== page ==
Kevin: Yes, and there's this constant pressure we feel to get online, keep up with all the news. What's the latest viral thing? What's happening with all the dozens or hundreds of people who are friends on Facebook? It gives us an illusion of intimacy, but it's an illusion. You hear what they did on vacation; you hear about the new job they have. It's wonderful for keeping up with that. We should thank God for that.

I'm not against all kinds of technology. I use most of it. But it's just not a substitute for sitting down, slowly talking to somebody, putting your phone away. You've seen this—we've probably done it ourselves, sadly. You go out to restaurants now and you see a group of people, and they're all holding up their phones.

Nancy: Families all sitting there. Yes, I've been part of those groups. Together but not together.

Kevin: That's right. I saw a Tweet the other day . . . somebody said, "Is anybody going to go anywhere interesting, to look at their phone, this weekend?" Because that's what we do, we just go to some place, and here we are hanging out, and we're just all staring at our phones instead of actually conversing and getting to know each other.

Nancy:I hear a lot of people talk about these things. I talk about it; I lament it, others do, but it's a lot harder to do something constructive about it. I love that the place you started in your book, Crazy Busy, was going to the heart issues and identifying some of these things that are maybe under the surface (some of these more in some people than others). You start with one issue, which is pride. Now what can that have to do with being crazy busy?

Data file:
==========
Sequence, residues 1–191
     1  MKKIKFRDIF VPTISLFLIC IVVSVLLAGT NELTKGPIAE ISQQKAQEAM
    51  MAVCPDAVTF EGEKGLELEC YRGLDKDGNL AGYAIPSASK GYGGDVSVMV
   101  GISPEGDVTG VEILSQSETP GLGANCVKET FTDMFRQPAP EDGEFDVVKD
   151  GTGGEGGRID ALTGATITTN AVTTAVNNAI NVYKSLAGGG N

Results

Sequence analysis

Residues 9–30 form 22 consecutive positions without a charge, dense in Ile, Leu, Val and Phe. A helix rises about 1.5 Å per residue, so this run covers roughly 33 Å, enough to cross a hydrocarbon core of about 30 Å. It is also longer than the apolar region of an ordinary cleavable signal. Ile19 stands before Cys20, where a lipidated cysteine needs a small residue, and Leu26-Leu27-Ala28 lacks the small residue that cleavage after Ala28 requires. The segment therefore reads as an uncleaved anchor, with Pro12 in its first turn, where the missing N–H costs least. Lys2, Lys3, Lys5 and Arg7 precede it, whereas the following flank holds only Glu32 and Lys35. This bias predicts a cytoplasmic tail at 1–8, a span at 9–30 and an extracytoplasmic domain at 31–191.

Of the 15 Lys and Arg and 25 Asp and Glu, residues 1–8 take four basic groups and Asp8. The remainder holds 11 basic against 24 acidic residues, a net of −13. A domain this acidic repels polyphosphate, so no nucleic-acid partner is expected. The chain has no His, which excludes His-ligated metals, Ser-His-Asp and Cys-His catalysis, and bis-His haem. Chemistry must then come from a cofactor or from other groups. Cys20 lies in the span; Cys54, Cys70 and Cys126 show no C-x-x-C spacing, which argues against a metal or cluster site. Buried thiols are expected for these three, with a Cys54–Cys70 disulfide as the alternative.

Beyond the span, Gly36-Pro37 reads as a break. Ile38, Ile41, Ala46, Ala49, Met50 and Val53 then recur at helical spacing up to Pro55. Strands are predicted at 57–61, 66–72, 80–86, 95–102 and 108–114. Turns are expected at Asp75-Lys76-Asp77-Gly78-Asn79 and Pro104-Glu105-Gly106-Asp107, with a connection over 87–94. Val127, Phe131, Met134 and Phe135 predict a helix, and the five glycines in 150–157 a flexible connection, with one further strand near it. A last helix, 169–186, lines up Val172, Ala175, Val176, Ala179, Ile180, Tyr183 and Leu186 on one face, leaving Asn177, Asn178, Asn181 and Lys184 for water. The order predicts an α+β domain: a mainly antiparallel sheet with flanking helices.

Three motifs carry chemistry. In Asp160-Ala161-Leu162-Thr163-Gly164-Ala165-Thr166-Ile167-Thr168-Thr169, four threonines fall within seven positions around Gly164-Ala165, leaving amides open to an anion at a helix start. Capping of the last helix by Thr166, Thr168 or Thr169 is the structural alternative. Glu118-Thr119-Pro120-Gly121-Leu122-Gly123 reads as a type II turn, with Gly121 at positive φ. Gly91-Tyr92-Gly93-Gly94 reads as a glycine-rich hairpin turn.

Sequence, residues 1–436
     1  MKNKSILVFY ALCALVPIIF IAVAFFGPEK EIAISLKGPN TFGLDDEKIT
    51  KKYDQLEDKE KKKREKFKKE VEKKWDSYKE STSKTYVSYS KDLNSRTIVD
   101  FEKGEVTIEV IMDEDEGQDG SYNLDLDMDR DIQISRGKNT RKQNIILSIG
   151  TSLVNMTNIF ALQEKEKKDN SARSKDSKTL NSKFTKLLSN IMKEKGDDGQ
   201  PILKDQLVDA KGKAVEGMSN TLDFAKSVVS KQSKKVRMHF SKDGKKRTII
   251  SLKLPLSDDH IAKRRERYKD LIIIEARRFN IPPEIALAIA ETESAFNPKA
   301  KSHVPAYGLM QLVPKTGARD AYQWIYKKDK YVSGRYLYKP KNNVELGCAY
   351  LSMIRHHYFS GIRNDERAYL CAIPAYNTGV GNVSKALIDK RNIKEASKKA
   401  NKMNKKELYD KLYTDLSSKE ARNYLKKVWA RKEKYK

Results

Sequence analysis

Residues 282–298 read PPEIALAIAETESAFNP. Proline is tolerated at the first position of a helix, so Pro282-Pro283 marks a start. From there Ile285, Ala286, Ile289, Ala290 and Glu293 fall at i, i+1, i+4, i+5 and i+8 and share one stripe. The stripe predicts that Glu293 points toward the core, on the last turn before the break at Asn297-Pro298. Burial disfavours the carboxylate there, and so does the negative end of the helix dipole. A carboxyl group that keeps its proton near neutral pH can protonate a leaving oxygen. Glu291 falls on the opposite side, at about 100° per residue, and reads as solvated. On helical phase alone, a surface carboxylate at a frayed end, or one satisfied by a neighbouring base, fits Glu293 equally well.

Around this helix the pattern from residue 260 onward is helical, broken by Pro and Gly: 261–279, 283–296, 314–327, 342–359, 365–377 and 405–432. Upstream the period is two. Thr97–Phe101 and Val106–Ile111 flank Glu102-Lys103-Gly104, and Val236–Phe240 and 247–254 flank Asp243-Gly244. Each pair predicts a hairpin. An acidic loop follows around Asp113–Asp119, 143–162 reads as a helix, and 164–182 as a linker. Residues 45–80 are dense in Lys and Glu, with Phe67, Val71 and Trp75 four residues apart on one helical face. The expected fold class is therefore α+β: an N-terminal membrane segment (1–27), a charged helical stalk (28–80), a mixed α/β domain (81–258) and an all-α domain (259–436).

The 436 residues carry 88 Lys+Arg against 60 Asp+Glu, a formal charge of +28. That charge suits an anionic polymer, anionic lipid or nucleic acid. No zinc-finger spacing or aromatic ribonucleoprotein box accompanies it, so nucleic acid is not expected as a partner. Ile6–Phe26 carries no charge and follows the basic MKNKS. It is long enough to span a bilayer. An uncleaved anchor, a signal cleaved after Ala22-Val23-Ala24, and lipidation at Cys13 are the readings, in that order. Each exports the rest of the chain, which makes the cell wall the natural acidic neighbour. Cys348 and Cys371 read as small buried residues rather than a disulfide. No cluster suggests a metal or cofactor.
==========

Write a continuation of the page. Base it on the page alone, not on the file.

Kevin: I think pride has everything to do with being crazy busy. There are so many manifestations of pride. Someone may think, "Well, I'm not proud. I don't go around bragging and telling everybody how great I am," but that's just the most obvious. Pride is the villain with a thousand faces. It shows up in so many ways.

So, the person who lacks confidence and is really a people-pleaser, well, that's the underside of pride. You're kind of a shape shifter. You're always trying to meet people's expectations. So you're not living life for God's priorities, but for other people's priorities.

The person who's constantly needing those pats on the back, the person who's passive/aggressive and is always saying, "This outfit looks terrible, doesn't it? This is terrible!" So you get the person to come alongside you and say, "No, no, no. You look beautiful. You're great." All these kinds of pride feed into this crazy busyness because we start living our lives for other people instead of for the Lord.